|This Article Features Photo Zoom|
| Winner, Shooting In The Dark Assignment|
1) Photographer: Dustin Penman
Location: Near Folsom, California
Equipment: Nikon D7000, 10-24mm ƒ/3.5-4.5G ED AF-S DX Nikkor
On July 22, 2012, I was awakened by my buddy calling, “We got lightning,” and I was off like a flash (pun intended)! At 3 a.m., I was still outside, amazed by the constant lightning, the fast-moving storm clouds and the fact that the stars were visible through it all. This just blew my mind. I knew I also wanted to incorporate a strong foreground in the image, so I went looking for an oak tree that would fit the bill. At a local park, I found this scene.
I knew I wanted to capture just how crazy of a night it was. I figured that six 2-minute exposures would allow enough time to capture the lightning and show a small amount of star travel, as well as the quick-moving clouds. The grass near the tree was being lit by a street lamp hidden behind the tree, and I did a little light-painting of the tree with my flashlight on the last exposure. I then stacked the images in Photoshop CS6. I’ve been waiting for another electrical storm ever since.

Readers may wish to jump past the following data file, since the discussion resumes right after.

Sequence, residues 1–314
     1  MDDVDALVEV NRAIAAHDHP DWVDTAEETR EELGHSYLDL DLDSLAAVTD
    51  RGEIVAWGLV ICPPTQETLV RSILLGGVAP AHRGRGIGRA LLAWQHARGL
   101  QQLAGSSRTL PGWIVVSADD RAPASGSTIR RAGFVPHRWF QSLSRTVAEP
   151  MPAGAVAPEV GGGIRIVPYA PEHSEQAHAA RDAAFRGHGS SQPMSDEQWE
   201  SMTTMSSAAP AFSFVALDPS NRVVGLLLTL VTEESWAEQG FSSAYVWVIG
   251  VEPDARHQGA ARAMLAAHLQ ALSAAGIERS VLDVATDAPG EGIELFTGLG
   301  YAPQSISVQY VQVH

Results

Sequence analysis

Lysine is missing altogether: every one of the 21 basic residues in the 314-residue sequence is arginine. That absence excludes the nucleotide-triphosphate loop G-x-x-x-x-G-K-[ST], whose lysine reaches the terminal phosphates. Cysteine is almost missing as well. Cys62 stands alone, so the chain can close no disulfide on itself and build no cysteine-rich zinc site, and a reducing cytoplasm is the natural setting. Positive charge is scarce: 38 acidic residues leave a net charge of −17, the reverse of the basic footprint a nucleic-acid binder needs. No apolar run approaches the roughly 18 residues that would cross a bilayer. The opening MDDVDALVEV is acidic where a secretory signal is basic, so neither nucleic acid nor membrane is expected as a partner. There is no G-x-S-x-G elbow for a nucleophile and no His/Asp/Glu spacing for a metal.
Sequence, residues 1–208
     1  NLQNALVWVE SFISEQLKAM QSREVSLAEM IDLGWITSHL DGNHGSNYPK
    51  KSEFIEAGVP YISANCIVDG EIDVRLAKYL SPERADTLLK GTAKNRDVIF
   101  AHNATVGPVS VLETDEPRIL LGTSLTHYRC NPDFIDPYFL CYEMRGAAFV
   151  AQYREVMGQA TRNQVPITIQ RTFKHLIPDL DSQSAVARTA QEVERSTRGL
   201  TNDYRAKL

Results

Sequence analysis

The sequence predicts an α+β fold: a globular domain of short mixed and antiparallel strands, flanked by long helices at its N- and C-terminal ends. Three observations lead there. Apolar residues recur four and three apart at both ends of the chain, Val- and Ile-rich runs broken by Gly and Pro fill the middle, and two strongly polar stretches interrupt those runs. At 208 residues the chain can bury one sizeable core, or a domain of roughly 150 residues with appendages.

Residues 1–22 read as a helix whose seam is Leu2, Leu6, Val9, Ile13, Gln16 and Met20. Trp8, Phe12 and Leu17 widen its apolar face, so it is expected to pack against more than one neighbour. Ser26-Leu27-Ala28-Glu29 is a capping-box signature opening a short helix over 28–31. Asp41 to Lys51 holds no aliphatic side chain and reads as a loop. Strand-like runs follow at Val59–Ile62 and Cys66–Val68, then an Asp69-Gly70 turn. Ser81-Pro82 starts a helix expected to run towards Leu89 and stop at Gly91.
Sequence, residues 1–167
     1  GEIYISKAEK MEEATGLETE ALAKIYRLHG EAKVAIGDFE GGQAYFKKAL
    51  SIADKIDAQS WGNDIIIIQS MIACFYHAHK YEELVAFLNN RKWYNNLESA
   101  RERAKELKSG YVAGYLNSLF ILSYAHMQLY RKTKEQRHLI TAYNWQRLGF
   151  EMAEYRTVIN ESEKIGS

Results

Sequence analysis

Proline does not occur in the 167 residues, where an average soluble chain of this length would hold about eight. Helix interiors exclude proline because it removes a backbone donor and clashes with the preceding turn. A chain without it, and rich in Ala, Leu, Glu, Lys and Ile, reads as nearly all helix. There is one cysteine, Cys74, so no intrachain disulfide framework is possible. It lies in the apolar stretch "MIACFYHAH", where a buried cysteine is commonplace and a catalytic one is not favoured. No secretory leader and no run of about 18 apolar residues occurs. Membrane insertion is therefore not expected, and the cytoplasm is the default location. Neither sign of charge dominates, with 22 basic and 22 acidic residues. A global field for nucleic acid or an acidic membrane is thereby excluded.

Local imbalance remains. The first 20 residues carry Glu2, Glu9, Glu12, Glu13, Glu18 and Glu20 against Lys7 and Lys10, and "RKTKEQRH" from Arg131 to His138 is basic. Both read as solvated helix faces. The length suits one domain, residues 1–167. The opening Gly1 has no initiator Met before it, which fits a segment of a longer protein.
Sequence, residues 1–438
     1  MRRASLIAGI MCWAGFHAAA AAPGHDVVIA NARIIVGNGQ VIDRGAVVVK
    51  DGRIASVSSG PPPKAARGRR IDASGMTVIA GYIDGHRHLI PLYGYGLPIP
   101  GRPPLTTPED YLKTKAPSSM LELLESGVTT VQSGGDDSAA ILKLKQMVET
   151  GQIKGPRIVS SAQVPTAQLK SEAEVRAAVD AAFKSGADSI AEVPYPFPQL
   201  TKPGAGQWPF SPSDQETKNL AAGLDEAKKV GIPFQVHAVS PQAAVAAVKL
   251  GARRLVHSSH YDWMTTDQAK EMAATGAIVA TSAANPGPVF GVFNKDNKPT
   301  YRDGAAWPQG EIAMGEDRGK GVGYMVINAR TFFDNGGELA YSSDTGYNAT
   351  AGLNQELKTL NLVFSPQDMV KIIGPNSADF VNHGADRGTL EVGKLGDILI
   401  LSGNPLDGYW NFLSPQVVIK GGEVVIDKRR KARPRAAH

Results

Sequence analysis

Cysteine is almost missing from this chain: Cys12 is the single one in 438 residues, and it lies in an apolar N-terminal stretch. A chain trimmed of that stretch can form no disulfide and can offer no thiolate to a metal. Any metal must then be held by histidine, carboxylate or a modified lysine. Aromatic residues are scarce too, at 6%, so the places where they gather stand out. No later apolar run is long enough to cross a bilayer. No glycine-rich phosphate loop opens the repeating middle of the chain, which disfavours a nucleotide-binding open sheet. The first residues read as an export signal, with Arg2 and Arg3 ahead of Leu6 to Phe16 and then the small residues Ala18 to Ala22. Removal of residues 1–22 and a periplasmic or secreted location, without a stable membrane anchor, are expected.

Every week, the OP editors choose a winning image from the submissions to that week’s Assignment on outdoorphotographer.com. That photo is highlighted on the OP homepage and in the OP Blog. In this issue of the magazine, instead of showing several top images from a single Assignment, I’m publishing recent winners from various spring Assignments here.
—Christopher Robinson, Editor
Winner, View From The Top Assignment
2) Photographer: Harry Lichtman
Location: White Mountains, New Hampshire
Equipment: Canon EOS 5D Mark II, Canon EF 24-105mm ƒ/4L IS USM, Manfrotto carbon-fiber tripod
I’ve hiked along the Moat Mountain Trail in New Hampshire’s White Mountains many times and made a mental note of the great views. Since the ridge runs south to north, sunrise and sunset possibilities make for good photo opportunities from the same location. Generally, the area isn’t great for camping, as there’s no running water and the ledges are exposed. I hiked down the exposed ledges near Middle Moat, away from the trail in June 2013, and found a relatively flat area where I could set up my ultralight tent and be in a good position should the light cooperate. I prefer the spring and fall for these grand views as the varying shades of green foliage provide some differentiation between leaves and the evergreens. Midsummer greens tend to be overwhelming in this kind of photo. I packed extra water and brought only dry food so as not to need a stove above treeline and minimize impact.
I previsualized the scene so I could be in the right place at the right time if weather conditions worked out. The weather always comes into play. I had intended to shoot pure landscape images, but found the inclusion of the tent and me (using the self-timer) a more powerful image.
I bracketed exposures and manually blended two exposures to maintain detail in the highlights and shadows. The distant cloud bank acted as a natural diffuser, making the lighting a little softer and more uniform.